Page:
- Some scenes of Idillio Infranto (1931), a silent film directed by Milanese Nello Mauri, were shot in the town centre and in the countryside of Gioia del Colle.
- The Castle of Gioia del Colle was the set for some scenes of Il Vangelo secondo Matteo (1964) by Pier Paolo Pasolini.
- Terra bruciata (1999), the debut film of director Fabio Segatori starring Raoul Bova, Giancarlo Giannini, Michele Placido and Bianca Guaccero, was set in Goia del Colle.
- Feast of Saint Joseph the Worker in Montursi, 1 May
- Feast of the patron saint Philip Neri, 26 May
- Feast of Saint Vitus the Martyr, 15 June
- Feast of Saint Roch, 16 August
- Celebration of the mozzarella, August
- Celebration of the new wine, September
- Feast of the Pupo Fritto in Montursi, September
- Feast of Saint Lucy, 13 December
- Gigi Angelillo, actor.
- Ricciotto Canudo, intellectual and theorist of the cinema.
- Mario Rosini, musician.
- Francis Romano, painter.
- Gino Donvito, painter.
- Giovanni Mastrangelo, politician, journalist and poet.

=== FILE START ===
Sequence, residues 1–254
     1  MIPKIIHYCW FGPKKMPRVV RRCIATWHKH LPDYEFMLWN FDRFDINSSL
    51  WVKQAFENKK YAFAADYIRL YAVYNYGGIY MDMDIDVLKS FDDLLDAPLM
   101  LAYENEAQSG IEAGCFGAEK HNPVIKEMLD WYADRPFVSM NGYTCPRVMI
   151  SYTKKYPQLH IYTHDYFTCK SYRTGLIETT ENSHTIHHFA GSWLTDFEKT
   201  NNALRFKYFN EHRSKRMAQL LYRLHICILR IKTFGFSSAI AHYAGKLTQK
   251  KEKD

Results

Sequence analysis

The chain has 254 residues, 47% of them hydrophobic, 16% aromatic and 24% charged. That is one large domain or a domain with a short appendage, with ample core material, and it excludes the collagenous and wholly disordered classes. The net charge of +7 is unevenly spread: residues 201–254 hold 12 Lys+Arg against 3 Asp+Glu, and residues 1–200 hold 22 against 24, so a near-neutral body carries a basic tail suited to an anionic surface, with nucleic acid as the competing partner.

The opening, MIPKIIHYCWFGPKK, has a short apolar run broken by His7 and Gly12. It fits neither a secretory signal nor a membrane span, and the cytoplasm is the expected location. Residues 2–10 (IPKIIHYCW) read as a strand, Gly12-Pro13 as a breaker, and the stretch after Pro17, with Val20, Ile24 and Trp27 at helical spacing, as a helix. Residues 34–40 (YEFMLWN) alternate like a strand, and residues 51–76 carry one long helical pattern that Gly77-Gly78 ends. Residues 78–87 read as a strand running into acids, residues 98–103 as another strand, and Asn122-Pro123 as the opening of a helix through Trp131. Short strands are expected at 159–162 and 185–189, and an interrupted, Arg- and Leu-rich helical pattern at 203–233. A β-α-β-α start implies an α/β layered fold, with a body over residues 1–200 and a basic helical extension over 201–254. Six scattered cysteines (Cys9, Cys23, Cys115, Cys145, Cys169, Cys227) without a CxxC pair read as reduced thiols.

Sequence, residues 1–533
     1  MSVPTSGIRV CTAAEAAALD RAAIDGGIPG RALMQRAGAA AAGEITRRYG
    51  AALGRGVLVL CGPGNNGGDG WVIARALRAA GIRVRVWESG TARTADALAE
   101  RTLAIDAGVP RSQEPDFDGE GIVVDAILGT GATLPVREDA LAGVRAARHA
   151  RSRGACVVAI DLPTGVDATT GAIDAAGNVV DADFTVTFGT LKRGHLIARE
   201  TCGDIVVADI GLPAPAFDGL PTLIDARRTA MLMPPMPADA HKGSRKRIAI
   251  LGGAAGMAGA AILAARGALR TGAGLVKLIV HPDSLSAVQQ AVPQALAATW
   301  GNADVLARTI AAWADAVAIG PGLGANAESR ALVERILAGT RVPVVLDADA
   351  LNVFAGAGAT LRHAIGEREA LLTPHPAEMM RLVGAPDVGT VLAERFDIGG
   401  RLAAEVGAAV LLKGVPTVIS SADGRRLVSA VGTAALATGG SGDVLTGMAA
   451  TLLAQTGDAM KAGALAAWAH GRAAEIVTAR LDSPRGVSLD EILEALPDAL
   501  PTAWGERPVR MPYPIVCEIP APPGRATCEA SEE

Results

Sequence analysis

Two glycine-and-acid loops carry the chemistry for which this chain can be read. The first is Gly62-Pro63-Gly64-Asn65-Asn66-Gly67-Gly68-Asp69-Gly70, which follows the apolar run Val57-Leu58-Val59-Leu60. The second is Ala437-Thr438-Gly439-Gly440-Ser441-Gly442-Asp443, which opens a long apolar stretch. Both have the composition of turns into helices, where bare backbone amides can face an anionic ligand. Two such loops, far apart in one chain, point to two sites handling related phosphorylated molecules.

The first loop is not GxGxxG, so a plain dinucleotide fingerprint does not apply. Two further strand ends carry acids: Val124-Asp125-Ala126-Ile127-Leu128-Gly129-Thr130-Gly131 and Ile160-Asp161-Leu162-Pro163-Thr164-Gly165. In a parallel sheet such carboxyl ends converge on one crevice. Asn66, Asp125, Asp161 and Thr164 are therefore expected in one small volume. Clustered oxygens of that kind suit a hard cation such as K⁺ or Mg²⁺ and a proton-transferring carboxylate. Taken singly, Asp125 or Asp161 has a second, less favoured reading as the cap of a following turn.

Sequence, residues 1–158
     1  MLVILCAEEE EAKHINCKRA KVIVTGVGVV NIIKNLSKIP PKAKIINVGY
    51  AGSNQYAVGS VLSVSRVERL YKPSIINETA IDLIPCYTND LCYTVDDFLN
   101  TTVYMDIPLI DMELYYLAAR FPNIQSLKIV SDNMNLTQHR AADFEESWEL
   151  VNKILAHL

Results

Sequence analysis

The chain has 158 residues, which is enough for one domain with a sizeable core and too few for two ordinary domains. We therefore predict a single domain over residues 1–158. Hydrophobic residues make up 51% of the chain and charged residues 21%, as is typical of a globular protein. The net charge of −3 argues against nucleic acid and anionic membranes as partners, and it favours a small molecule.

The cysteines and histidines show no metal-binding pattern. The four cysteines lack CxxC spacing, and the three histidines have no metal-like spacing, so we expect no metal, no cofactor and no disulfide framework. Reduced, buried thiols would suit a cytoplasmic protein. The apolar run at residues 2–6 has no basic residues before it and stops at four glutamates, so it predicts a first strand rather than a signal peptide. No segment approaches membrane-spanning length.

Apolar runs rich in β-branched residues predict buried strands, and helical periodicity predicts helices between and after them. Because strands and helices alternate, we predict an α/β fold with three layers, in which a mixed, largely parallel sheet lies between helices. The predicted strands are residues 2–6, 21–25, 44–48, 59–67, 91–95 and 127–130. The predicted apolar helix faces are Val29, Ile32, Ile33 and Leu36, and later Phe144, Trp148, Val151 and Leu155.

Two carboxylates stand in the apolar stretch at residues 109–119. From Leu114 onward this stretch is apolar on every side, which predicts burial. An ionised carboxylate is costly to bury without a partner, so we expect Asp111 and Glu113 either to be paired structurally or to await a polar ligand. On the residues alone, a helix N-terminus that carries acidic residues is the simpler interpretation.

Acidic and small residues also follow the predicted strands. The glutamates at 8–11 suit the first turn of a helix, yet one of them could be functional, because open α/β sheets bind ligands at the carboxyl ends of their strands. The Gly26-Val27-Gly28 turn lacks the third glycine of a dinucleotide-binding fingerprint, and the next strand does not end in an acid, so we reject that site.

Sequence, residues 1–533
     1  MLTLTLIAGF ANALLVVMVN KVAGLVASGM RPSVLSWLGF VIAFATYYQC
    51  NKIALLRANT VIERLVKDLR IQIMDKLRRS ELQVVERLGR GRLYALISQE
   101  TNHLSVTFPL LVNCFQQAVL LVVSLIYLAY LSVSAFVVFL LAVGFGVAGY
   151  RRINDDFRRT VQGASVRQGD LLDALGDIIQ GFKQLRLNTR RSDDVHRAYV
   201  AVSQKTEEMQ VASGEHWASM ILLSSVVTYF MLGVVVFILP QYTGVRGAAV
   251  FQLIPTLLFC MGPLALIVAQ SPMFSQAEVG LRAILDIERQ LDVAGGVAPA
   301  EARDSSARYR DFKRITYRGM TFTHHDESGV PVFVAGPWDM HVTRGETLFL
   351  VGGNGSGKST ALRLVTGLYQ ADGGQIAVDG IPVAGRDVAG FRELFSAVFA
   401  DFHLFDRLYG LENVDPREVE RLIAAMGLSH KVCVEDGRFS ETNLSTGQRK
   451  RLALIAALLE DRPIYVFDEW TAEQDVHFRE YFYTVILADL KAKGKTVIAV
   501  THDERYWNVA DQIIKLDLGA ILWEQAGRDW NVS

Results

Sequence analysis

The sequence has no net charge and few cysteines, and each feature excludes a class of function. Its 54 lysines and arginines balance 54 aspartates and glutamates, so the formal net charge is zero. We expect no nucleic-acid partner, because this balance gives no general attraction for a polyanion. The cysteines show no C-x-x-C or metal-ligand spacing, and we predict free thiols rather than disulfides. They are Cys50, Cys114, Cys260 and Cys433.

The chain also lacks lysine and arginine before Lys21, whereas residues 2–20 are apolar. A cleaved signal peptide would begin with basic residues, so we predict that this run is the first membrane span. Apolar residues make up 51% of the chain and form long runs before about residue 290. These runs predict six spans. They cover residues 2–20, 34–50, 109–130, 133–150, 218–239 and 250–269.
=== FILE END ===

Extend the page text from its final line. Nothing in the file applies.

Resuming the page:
- Nicola Legrottaglie, Italian association football player.
- Pino Aprile, Italian journalist and writer.
- Maurizio Vasco, author and journalist, living in New York City.
- Bob Pisani, journalist CNBC, whose grandfather was from Gioia del Colle
- Sylvester Stallone, actor, whose father was born in Gioia del Colle before emigrating to the United States
- Sergeant Romano, of the Bourbon army. (it.)
- Rogeri de Pacienza di Nardò, Italian poet, the first to record the lyrics of a traditional Serbian epic song, in Gioia del Colle in 1497.
- The song L'onorevole Bricolle by Clara Jaione (1948), which Claudio Villa later famously interpreted, is about the wry story of a fictitious "Honorable Bricolle, a Member of Parliament from Gioia del Colle".
- Population from ISTAT
- P. Saunders Wine Label Language pg 167 Firefly Books 2004 ISBN 1-55297-720-X
- Alfonso Marrese. Apulia Film Commission.
- Else Mundal and Jonas Wellendorf, eds., Oral Art Forms and Their Passage into Writing, Copenhagen: Museum Tusculanum, 2008, ISBN 978-87-635-0504-8, p. 98.
- ironic video of the historical interpretation of Claudio Villa (YouTube)